Hundreds turn out, kneel to memorialize George Floyd at City Hall

Hundreds of people gathered outside City Hall on Tuesday to memorialize George Floyd on the day of his funeral.

Hundreds of people gathered outside City Hall on Tuesday to memorialize George Floyd on the day of his funeral.

The event, which organizer Phelicia Jones described as transporting those gathered to a black church, featured stirring sermons from local Baptist pastors.

“We’re here to remember,” said Rev. Joseph Bryant Jr. before he lead the crowd in taking a knee. “We don’t want George Floyd’s life to be in vain.”

Rev. Thomas Fisher of Second Bapist Church in Redwood City delivered a eulogy for Floyd, who was killed on May 25 when a Minneapolis police officer held his knee on Floyd’s neck for nearly nine minutes. “His shadow is gone,” Fisher said. “Rest in peace, rest in power, George Floyd.

Fisher said that death brings “a pain unextinguishable” and problems that are not always immediately solveable, but that the people of San Francisco have always fought “to express peace, embrace diversity and enact equality.”

“Do good with the days you have,” Fisher said to the crowd. “Kneel in protest, live today.”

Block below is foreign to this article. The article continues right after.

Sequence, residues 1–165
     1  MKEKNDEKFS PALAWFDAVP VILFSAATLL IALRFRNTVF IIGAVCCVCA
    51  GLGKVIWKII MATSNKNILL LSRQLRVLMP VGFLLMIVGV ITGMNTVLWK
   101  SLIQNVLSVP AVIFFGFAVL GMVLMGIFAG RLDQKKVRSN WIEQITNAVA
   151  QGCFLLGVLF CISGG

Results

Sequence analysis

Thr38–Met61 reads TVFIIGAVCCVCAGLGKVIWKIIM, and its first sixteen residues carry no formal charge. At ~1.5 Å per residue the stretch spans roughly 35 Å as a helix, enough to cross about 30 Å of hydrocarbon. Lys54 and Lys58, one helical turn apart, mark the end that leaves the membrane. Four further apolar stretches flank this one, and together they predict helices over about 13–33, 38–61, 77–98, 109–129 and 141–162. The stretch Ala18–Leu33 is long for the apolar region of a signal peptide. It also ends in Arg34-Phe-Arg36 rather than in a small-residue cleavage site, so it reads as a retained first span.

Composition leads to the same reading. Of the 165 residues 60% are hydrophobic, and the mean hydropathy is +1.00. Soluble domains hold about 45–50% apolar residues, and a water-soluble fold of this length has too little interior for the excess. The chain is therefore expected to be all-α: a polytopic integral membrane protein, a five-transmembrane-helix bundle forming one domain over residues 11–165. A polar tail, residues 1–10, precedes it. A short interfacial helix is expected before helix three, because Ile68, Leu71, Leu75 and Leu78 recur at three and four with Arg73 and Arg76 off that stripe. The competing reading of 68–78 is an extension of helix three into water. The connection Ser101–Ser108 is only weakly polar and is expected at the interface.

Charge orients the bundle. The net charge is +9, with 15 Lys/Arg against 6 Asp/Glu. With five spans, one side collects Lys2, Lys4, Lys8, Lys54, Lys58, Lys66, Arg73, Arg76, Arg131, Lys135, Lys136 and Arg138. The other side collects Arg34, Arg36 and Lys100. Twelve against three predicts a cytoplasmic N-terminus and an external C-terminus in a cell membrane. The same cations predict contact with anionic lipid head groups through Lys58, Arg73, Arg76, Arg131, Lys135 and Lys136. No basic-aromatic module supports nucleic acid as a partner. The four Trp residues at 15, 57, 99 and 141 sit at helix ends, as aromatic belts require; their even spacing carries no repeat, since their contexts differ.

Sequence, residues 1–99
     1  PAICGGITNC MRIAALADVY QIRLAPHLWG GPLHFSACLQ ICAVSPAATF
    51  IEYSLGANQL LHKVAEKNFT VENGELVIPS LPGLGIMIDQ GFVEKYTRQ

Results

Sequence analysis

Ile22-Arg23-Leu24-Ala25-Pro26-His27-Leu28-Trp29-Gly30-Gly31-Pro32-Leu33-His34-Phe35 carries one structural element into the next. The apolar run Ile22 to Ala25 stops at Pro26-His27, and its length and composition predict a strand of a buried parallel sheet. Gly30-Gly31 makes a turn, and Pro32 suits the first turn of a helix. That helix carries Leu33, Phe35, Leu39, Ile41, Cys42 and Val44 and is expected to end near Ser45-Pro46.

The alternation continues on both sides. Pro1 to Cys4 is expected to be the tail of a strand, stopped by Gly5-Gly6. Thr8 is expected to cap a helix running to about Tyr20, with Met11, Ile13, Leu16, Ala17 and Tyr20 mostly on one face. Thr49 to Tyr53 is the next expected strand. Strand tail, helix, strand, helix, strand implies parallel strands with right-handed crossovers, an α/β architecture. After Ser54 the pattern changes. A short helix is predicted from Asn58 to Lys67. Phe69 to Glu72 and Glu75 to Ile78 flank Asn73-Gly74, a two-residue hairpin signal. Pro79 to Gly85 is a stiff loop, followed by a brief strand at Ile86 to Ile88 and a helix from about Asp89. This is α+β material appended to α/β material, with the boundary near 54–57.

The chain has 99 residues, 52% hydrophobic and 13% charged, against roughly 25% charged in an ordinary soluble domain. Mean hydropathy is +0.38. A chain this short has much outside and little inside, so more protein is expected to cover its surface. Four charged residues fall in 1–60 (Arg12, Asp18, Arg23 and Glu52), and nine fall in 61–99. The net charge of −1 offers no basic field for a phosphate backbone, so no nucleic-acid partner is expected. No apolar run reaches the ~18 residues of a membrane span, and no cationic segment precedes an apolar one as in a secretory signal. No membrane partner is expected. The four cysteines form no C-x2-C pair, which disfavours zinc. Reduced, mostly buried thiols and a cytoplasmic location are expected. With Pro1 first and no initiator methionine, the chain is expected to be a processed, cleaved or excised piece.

After the crowd kneeled for eight minutes and 46 seconds to memorialize Floyd, Mayor London Breed addressed the crowd.

“Imagine if someone had their knee on your neck for that long,” Breed said. “I appreciate this advocacy at this moment more than you can ever imagine. We need this energy to make real change.”

Breed said there is a lot of work to be done to make changes in San Francisco law enforcement to protect black lives. She said that The City had enacted 61 out of 273 U.S. Department of Justice police reform recommendations.

“Let me be clear: That’s not good enough,” she said. “We are going to do better. But I want to be clear. It’s not just about checking off a box. It’s about getting it. It’s about understanding it. It’s about making sure when we push for police reform, that they get it. And if they don’t get it, they shouldn’t be working for this police department.”

Breed called on people of all races to lend support to the cause.

“Be an ally,” she said. “This is about life or death. Let’s get the job done.”

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